WESTFIELD — After his winning throw of 191-02, it's believed that Tewksbury Memorial High School senior Lucas Frost became the first male athlete in the outdoor track-and-field program to capture two straight All-State Championship Titles.
The Town Crier and coaches believe that the previous All-State champions were Evan White in the 200-meters with a time of 21.66 seconds back in the 2009 season, and then in 1995, Dan Clark captured the title in the 300-meter intermediate hurdles.
The soon-to-be Division 1 thrower at the University of Rhode Island, didn't change his emotions one bit after easily coming away with the title on Saturday at Westfield State University. He picked up his javelin, cracked a small smile and remained his true extremely humbled and quiet self.
"I was a little nervous. There were a lot of people here. I felt good. I warmed up a little bit early so I think that helped," he said.
Frost's second throw was the winner and from there no one really even scratched the surface of coming close. The second place finisher Connor Hayford of Pittsfield threw 177 feet and Anthony Pizanno of Stoughton was third at 173-06.
"Lucas had a fantastic showing in the javelin," said boys' head coach Peter Molloy. "That increment that we talked about (with the new javelin) makes a difference, makes a huge difference."
In last week's edition, the Town Crier told the story of how the program got a new javelin to help Frost with his throws and certainly it has helped him greatly.
"Lucas had never throw over 179 feet with the old javelin and of the 18 throws he's had with the new javelin, only two have been under 180 feet. You get the right equipment and it matters so that was obviously great to see," said Molloy.
While Frost had his new jav, he was without his throws coach Andrea Caprio.
"I always felt like when a kid does well and their coach isn't there, it's a pretty good sign that the kid is well-coached," said Molloy. "Andrea had a wedding to attend and she was in it, so Lucas went out there and just executed everything that Andrea taught him to do."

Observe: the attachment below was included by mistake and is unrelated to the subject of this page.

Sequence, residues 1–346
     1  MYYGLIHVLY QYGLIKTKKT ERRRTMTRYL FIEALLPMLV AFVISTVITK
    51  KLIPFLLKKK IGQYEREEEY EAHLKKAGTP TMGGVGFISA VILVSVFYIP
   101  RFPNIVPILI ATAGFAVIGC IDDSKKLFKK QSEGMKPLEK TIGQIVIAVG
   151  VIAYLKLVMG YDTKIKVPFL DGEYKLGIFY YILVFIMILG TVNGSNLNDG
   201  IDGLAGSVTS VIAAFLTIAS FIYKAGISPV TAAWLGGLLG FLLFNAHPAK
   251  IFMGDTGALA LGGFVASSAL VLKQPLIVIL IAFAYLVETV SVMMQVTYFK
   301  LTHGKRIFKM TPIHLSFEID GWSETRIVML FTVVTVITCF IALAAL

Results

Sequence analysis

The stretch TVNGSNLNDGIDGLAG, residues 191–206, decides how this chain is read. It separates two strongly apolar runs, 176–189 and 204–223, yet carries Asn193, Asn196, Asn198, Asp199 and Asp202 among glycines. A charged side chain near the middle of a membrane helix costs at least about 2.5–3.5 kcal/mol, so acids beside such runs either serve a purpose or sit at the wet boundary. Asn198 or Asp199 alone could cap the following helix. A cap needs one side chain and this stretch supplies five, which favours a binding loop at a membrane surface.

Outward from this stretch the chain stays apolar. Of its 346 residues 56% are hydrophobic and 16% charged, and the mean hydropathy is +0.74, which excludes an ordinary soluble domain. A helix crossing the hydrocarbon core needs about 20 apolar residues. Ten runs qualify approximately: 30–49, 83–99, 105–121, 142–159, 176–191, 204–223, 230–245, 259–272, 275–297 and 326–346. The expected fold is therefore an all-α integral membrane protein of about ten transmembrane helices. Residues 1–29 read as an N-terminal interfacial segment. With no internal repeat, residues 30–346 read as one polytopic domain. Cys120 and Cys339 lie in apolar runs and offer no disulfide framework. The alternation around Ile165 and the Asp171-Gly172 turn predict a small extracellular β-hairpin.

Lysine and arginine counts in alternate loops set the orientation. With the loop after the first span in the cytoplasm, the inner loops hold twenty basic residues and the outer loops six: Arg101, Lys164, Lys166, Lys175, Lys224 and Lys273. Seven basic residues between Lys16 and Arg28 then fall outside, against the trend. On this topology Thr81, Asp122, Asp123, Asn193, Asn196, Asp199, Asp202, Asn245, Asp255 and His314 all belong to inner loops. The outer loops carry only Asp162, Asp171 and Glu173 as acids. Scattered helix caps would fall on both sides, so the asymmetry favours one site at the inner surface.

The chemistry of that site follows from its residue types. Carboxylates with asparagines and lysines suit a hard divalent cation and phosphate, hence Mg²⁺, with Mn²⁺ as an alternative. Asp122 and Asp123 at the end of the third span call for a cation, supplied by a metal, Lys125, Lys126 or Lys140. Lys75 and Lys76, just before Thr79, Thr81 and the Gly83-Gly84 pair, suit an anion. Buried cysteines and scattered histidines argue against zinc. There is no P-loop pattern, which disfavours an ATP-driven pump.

After some of his throws were in the 180-foot range, Molloy offered his own coaching advice to Frost.
"Coach Molloy told me that I was being too tight with my crossovers and I had to loosen up and stand up straight more. So I tried to do that and it worked," said Frost.
Molloy did say that he offered that suggestion, but in no way does he feel that was the reason why he won the event once again.
"I felt comfortable giving him some advice," said Molloy. "I told him that after his second throw and I just said that you have to be taller and he was taller and he threw 190 feet but he didn't throw 190 feet because I told him to be taller. Technique wise he is still a work in progress."
Since leaving the JV Baseball team for track, Frost has now won two MVC, Division 3 and All-State titles. Last year he finished fourth at the New England Meet.
This weekend he will compete for the last time while in a Tewksbury uniform back in the NE's to be held in Sacco, Maine, as he will miss the national meet due to a pre-planned vacation.
At the NE's, Frost will meet up again with Ian Hall of Rogers High School in Rhode Island. He was the one who originally lent Frost his javelin, which helped him throw over 190 feet at the Loucks Games in New York.
"It'll be fun and I'm looking forward to it. His personal record is over 210 feet," said Frost. "I obviously have to thank Coach Caprio and Coach Molloy. They have both helped me (to get to where I am now)."